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Me, My Dog, and a Daisy BB Gun


I was born in Des Moines, Iowa, but I spent my early childhood years in a small town called Prairie City. It was as bucolic as it sounds. I played Little League baseball. I played football in my backyard. I played basketball until my fingers cracked and bled. I was an all-American boy.


I rode my bicycle a lot and had a good tree house with four walls and a roof. I played in a nearby creek and caught frogs and played in the mud. I had a Shetland Sheepdog named Buck. There was even a horse pasture behind my backyard where three horses frolicked. This idyllic setting was everything a boy could need on his way to becoming a gentleman scientist.


I was a fair shot with my gun… honestly, I was pretty lousy. But I did manage to hit more than a few sparrows with my uniquely weak Daisy Model 99 BB gun.


The Model 99 is distinctive for its two aperture sights. The rear sight is a metal disk roughly the size of a penny with a hole through the middle of it. The front sight is a metal tube about an inch long and inside of that is a thin, vertical, piece of metal. It’s sort of like the bottom one-fourth of crosshairs. The two aperture sights really helped me frame-up my shots. It was the BB gun equivalent of a scope.


The Model 99 is also distinctive for its very slow velocity. Daisy’s website says the similar Model 499 will shoot a BB 240 feet per second. The slow velocity wasn’t all bad. From the vantage point of the shooter, I swear it was sometimes possible to see the BB fly through the air. It was the BB gun equivalent of tracer fire.


This might strain credulity, but I also swear there were times when I hit robins (I know, I know, but I was a little kid) in the chest, sounding a hollow thud, and they would just fly away. I figured I hit right on a bone and didn’t get any penetration. As for the sparrows, sometimes a shot would stone-cold kill them, but sometimes they would flutter on the ground for a while. 


I took most of my shots sitting on our stoop in the backyard aiming at birds on our gravel driveway. I went back to my old house a couple weeks ago to measure the range. It took a minute to explain to the current residents what I wanted to do, but they let me. It was 30 feet from the stoop to the driveway. Daisy’s website says the similar Model 499 is designed to “shoot a BB as accurately as possible at a distance of 5 meters.” Sure, I missed a lot, but I feel a little better about it now.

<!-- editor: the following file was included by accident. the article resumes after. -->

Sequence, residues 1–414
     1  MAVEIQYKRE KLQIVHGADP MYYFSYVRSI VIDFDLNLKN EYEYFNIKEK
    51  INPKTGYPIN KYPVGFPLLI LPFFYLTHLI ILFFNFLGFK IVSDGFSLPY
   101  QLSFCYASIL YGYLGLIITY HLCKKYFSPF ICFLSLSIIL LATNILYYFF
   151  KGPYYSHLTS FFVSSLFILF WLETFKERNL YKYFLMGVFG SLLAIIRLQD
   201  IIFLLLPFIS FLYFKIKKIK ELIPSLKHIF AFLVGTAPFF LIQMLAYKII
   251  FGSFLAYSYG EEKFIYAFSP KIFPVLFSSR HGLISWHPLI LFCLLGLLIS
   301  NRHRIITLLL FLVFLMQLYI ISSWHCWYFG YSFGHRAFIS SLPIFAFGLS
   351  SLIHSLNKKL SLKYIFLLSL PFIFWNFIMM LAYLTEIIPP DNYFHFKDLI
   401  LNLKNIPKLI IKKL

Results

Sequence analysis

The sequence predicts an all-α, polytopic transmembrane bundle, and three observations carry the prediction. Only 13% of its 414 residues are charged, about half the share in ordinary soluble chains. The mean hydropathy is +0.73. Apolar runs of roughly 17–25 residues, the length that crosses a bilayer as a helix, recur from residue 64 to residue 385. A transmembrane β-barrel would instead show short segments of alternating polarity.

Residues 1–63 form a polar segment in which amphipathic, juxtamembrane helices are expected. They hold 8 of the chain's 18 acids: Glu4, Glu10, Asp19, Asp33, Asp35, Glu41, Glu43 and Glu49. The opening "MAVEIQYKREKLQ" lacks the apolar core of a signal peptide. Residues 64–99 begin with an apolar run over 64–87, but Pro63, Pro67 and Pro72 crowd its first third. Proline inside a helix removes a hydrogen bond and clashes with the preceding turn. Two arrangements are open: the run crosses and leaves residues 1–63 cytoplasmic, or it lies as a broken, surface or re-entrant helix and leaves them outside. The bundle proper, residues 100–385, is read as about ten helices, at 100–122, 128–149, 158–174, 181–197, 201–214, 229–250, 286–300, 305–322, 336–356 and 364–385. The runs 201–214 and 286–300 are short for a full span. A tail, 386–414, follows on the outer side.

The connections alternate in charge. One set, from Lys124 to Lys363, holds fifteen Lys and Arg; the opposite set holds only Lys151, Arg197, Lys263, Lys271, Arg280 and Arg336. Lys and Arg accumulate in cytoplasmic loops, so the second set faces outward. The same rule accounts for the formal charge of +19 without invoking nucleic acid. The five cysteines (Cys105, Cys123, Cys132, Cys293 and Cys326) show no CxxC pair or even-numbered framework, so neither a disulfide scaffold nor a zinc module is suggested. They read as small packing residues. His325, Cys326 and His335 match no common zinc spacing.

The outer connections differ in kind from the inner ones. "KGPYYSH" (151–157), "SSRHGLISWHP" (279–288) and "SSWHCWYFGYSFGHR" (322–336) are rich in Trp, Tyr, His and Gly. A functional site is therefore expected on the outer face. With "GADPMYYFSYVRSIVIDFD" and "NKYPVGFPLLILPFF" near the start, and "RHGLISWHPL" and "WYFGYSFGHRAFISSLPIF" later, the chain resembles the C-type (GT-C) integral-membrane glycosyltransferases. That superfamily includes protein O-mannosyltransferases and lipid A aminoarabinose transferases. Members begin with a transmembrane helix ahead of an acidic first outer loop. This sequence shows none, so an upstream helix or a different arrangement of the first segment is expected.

Aside from the usual affects of wind and gravity, I don’t know if the sights were a little askew or if the gun put a spin on the BB; but at the range of 30 feet, I had to aim slightly to the right and about an inch above a sparrow’s shoulder to get the shot to hook into the target.  


My greatest shot had me firing from my backyard, all the way across the side yard and front yard, and diagonally, at a bird perched on a power line above a neighbor’s driveway. It wasn’t a mere sparrow but a blackbird of some kind. This was big game for such a small gun. 


I measured, and it was a distance of over 100 feet. At that range the sights wouldn’t do any good. I had to put so much lob on the shot that I would be looking at the sky above the bird. This shot required something much more artful, for this shot I had to look out over the sights and use my instincts. I knew from experience that I had to aim high, and to the right, and with the additional distance even more so. This potshot was a moon-shot. So with a rudimentary reckoning of ballistics, and a devil-may-care attitude, I squeezed the trigger… 


The wind must have been behind the shot that day, because to my utter astonishment the bird went into a spread-eagled tailspin before crashing to the ground.


“Release the hound!” I thought, as I threw open the gate. I ran toward the bird and Buck ran everywhere else. I learned that day why they call his breed a Shetland Sheepdog and not a Shetland bird-dog – that dog won’t hunt. 


I quickly moved to inspect my trophy bird. As I neared, I could see that I had only winged it. Unlike the sparrows I shot, this bird acted largely unfazed. The bird proceeded to drag itself away, stopping periodically to make screeching noises. I don’t know if it was my little boy nature or all of the cartoons I watched on TV; but as the injured, flightless, bird made its way across the county highway, I remember hoping an 18-wheeler would come by and flatten the bastard. 

April 29, 2012